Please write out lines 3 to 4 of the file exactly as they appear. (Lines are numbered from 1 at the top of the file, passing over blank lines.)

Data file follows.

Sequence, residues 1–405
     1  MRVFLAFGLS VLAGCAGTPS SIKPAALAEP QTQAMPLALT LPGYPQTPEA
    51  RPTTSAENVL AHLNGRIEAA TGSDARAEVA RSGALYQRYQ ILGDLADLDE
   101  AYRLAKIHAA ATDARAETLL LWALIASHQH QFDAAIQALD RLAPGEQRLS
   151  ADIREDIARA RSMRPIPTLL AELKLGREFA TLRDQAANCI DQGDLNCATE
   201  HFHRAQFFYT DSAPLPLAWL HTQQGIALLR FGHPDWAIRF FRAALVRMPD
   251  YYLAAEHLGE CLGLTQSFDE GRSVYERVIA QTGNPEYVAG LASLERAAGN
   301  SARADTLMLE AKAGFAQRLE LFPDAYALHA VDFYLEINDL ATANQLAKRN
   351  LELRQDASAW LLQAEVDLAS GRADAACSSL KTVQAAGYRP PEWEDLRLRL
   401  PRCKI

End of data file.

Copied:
    51  RPTTSAENVL AHLNGRIEAA TGSDARAEVA RSGALYQRYQ ILGDLADLDE
   101  AYRLAKIHAA ATDARAETLL LWALIASHQH QFDAAIQALD RLAPGEQRLS